The packets are clearly marked with days of the week and arrows to guide users on the direction of use. You select your first pill based on the day of the week that you begin (for example, if you start on a Wednesday then take the tablet on the first row marked ‘Wed’). Follow the direction of the arrows, taking one tablet a day until you finish the pack and then start the next pack without any break.
Cerelle tablets come as 75 microgram film-coated tablets containing desogestrel, and those using it should take one per day at approximately the same time. The pack contains 28 tablets, or a 4 week supply.
If you miss a pill but realise within 12 hours then simply take the pill as soon as you remember, and then take the next one at your normal time. You will still be protected against pregnancy within this time frame. If you are more than 12 hours late with a missed pill then you should still take it as soon as you remember and take the next one at the normal time (this may mean taking two pills in one day, which is fine). However, you may no longer be protected against pregnancy and should use additional methods of contraception for the next 7 days.
If you vomit within 3 to 4 hours after taking your Cerelle tablet or have severe diarrhoea, then the active ingredient may not have been completely absorbed. Follow the same advice for forgotten tablets as above and use additional contraception as required.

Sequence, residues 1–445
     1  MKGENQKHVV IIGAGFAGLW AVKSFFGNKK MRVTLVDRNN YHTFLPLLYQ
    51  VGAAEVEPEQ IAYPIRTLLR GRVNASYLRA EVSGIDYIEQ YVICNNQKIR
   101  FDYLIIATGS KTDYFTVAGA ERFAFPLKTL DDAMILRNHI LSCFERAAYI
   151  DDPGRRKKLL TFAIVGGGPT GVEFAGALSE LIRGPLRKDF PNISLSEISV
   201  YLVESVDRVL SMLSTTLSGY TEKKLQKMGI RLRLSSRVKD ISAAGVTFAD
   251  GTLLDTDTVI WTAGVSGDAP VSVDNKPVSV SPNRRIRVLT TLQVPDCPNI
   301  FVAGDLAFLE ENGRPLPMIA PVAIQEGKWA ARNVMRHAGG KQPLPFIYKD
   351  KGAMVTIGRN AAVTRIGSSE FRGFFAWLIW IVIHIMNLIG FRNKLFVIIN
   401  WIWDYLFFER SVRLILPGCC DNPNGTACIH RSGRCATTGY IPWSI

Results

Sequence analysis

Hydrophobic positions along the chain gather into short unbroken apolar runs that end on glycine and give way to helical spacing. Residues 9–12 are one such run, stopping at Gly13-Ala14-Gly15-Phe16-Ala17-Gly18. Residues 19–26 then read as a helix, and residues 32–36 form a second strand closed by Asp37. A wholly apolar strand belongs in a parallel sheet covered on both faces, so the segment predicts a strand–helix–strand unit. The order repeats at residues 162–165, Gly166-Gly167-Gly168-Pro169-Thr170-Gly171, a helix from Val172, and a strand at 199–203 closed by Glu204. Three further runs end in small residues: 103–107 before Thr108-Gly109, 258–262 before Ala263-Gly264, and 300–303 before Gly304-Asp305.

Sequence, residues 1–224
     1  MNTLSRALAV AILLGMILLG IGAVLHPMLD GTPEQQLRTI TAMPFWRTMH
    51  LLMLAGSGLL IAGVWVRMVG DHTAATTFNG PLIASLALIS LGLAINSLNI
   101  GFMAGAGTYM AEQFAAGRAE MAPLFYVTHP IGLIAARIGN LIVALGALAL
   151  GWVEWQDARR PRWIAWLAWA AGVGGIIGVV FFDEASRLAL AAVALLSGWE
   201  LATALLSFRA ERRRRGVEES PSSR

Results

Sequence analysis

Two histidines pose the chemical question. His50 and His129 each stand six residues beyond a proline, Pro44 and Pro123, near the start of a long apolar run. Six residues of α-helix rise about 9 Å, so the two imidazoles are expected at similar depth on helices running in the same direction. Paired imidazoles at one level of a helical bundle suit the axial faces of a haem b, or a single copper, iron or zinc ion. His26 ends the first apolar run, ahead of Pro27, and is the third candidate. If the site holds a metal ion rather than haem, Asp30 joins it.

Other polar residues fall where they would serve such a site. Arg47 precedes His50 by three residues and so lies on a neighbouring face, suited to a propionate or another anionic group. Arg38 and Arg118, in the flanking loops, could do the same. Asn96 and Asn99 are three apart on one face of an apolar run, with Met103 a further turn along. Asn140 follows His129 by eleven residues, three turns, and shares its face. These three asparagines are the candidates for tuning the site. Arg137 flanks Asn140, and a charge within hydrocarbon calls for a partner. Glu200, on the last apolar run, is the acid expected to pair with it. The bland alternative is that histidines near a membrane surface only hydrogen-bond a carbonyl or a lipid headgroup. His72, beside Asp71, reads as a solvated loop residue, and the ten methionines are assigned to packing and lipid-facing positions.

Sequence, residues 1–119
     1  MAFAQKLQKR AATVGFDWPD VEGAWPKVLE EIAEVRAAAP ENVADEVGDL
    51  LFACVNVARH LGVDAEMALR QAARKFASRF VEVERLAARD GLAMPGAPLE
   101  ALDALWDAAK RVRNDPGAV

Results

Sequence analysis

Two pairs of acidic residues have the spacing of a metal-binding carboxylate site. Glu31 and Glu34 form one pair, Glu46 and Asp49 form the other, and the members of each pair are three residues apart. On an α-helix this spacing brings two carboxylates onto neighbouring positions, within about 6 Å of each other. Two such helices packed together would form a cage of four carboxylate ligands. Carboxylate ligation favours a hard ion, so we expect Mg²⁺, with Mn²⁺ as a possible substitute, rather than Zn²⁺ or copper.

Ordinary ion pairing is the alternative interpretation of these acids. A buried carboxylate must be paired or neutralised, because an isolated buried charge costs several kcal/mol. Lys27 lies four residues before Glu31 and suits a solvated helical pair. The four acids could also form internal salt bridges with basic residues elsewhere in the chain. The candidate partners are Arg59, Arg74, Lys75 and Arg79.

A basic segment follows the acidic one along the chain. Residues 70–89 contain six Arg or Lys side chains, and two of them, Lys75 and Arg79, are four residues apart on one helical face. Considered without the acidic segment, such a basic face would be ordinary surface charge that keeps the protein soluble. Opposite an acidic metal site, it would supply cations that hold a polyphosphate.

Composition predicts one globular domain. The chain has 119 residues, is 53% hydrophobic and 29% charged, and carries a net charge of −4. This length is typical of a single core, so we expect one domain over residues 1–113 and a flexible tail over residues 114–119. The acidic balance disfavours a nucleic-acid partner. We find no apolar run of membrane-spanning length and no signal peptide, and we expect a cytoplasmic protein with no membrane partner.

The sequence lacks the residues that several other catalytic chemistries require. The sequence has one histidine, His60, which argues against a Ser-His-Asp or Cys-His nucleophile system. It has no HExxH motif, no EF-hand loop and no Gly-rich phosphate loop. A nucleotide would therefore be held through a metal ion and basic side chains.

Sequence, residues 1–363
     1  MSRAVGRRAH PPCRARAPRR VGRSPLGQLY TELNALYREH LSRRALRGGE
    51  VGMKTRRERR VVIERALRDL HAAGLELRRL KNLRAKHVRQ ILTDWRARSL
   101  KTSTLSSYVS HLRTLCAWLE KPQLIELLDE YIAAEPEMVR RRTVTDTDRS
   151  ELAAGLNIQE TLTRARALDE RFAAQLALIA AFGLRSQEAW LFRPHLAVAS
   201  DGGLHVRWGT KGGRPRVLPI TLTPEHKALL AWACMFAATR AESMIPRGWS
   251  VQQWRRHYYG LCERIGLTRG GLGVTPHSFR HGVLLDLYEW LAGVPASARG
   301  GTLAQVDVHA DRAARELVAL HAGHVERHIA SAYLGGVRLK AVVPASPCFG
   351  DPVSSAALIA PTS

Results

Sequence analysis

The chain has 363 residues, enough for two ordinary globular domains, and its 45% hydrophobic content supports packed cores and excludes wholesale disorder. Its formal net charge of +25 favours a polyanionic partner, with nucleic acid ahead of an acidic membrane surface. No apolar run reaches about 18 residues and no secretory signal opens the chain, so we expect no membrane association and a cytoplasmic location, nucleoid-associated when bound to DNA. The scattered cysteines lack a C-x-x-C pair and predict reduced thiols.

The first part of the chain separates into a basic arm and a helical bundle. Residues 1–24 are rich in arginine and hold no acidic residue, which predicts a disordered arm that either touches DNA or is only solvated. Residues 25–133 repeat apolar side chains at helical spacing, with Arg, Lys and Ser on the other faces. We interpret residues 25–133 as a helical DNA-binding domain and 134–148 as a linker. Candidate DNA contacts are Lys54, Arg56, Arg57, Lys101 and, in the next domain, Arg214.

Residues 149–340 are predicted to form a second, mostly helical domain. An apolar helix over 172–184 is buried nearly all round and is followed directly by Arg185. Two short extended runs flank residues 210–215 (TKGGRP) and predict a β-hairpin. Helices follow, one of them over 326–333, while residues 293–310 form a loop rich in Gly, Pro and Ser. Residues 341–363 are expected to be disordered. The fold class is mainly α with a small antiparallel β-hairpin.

Side effects & precautions
Before taking Cerelle, you should always first consult your doctor. You should not take Cerelle if any of the following apply to you:
- if you are allergic to desogestrel, or any of the other ingredients of Cerelle
- if you have a thrombosis (formation of a blood clot in a blood vessel)
- if you have or have had jaundice (yellowing of the skin) or severe liver disease
- if you have or if you are suspected of having a cancer that grows under the influence of sex-steroids, such as certain types of breast cancer.
- if you have any unexplained vaginal bleeding.
- if you are pregnant
Your prescription of Cerelle may also be affected by a number of other factors, so you should make your doctor aware if any of the following apply:
- you have ever had breast cancer
- you have liver cancer
- you have ever had a thrombosis
- you have diabetes
- you suffer from epilepsy
- you have tuberculosis
- you have high blood pressure
- you have or have had chloasma (yellowish-brown pigmentation patches on the skin, particularly of the face)